Security company prioritised white people in Mozambique rescue – Amnesty

Survivors claim racial bias in airlift during attack by jihadists in Cabo Delgado province

Internally displaced persons gather in  Matuge, northern Mozambique, on February 24th following  attacks by Islamist militants. Photograph: Alfredo Zuniga/AFP via Getty Images

Internally displaced persons gather in Matuge, northern Mozambique, on February 24th following attacks by Islamist militants. Photograph: Alfredo Zuniga/AFP via Getty Images

 

White contractors were prioritised over poor black people for air rescue by a private security company during an attack by jihadists on a strategic town in northern Mozambique, Amnesty International has alleged.

In a report that cites testimony from 11 survivors, the international human rights body has accused the Dyck Advisory Group (DAG) of even rescuing two dogs at the Amarula Hotel in Palma ahead of locals taking shelter in the compound.

DAG had been contracted by the Mozambique government to provide air support to its troops in their fight against Islamist militants known locally as Al-Shabaab – “the youth” – in resource-rich Cabo Delgado province.

The private security company’s helicopter teams have been hailed for rescuing hundreds of Palma residents who were caught up in Al-Shabaab’s attack on the port town, which started on March 24th and ended a week later.

Abandoned

However, survivors of the attack – in which dozens were killed – have claimed that although there was an initial plan to prioritise the helicopter evacuation of women, children and people with disabilities, it was abandoned in the days that followed by the hotel manager and DAG operatives.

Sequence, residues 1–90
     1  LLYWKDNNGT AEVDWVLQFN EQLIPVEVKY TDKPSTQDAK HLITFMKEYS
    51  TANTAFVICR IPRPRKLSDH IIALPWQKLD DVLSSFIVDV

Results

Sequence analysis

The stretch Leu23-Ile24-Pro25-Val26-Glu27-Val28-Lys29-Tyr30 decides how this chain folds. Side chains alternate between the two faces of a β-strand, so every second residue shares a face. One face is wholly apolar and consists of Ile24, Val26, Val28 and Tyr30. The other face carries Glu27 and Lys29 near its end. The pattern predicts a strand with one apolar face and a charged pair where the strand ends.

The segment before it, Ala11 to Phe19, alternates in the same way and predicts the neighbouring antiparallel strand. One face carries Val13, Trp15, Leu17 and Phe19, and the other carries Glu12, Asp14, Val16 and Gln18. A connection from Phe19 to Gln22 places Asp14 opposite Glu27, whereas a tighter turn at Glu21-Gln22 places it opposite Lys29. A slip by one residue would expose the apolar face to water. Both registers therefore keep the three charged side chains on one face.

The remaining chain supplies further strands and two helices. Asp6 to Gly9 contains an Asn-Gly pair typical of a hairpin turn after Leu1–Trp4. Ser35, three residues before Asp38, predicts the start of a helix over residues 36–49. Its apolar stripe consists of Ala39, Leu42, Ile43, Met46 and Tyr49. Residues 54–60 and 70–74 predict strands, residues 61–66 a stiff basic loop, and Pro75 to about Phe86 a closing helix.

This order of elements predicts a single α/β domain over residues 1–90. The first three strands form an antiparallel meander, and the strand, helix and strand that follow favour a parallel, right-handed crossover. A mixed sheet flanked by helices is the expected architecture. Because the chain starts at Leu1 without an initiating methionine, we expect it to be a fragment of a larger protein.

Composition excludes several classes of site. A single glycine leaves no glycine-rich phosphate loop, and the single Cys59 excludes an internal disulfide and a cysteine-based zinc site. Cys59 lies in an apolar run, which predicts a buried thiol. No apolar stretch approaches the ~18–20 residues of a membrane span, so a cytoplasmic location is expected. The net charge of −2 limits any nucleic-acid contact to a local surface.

“Witnesses told us of racial discrimination in decisions about who to evacuate from the Amarula Hotel,” Amnesty International’s regional director for east and southern Africa, Deprose Muchena, said in the report.

“They all [the 11 interviewees] said that the hotel manager and DAG operatives, who were in charge of the rescue attempt, prioritised the safety of white contractors over local black people,” he said.

According to the witness testimony, an estimated 220 civilians took refuge in the Amarula Hotel following the attack by the Islamist militants, who are seeking to establish a caliphate in the province.

After the helicopter rescue took place, some of the people who were left behind attempted to flee by ground convoy. But they were ambushed by the militants, and some people were killed and injured in the incident.

Investigation

Amnesty has called for a full investigation into the “alarming allegations” made by the survivors they interviewed.

“Abandoning people during an armed assault simply because of the colour of their skin is racism, and violates the obligation to protect civilians. This cannot go unanswered,” Mr Muchena said.

DAG told the AFP news agency that the allegations were “not at all accurate”. The company said it would issue a statement on the matter later.

One survivor of the hotel attack, a South African named Wesley Nel, has called into question the accuracy of the witness testimony given to Amnesty.

Mr Nel, his stepfather and brother were part of the convoy that made a break for it after they were not included in the air rescue. His brother, Adrian, was subsequently killed in the ambush.

In a Twitter post on Thursday he said the only people evacuated from the hotel were “those with medical conditions, women and children. Six white people and 18 black people.”